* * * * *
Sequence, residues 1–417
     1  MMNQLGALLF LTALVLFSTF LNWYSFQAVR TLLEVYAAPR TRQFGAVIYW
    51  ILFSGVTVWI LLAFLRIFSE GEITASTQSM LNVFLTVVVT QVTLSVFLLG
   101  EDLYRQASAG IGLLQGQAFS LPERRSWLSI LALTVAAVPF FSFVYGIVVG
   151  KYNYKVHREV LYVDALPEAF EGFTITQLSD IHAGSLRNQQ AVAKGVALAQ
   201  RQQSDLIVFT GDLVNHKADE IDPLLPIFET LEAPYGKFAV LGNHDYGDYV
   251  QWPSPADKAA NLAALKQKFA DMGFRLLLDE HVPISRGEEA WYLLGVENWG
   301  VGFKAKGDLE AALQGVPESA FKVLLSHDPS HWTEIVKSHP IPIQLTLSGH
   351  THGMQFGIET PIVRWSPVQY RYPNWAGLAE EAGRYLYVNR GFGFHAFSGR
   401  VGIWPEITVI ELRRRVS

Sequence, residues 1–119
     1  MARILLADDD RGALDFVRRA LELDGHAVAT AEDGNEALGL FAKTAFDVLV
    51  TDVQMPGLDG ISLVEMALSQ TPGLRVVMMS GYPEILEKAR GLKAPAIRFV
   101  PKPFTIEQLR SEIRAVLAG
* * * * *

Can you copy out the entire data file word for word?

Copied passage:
Sequence, residues 1–417
     1  MMNQLGALLF LTALVLFSTF LNWYSFQAVR TLLEVYAAPR TRQFGAVIYW
    51  ILFSGVTVWI LLAFLRIFSE GEITASTQSM LNVFLTVVVT QVTLSVFLLG
   101  EDLYRQASAG IGLLQGQAFS LPERRSWLSI LALTVAAVPF FSFVYGIVVG
   151  KYNYKVHREV LYVDALPEAF EGFTITQLSD IHAGSLRNQQ AVAKGVALAQ
   201  RQQSDLIVFT GDLVNHKADE IDPLLPIFET LEAPYGKFAV LGNHDYGDYV
   251  QWPSPADKAA NLAALKQKFA DMGFRLLLDE HVPISRGEEA WYLLGVENWG
   301  VGFKAKGDLE AALQGVPESA FKVLLSHDPS HWTEIVKSHP IPIQLTLSGH
   351  THGMQFGIET PIVRWSPVQY RYPNWAGLAE EAGRYLYVNR GFGFHAFSGR
   401  VGIWPEITVI ELRRRVS

Sequence, residues 1–119
     1  MARILLADDD RGALDFVRRA LELDGHAVAT AEDGNEALGL FAKTAFDVLV
    51  TDVQMPGLDG ISLVEMALSQ TPGLRVVMMS GYPEILEKAR GLKAPAIRFV
   101  PKPFTIEQLR SEIRAVLAG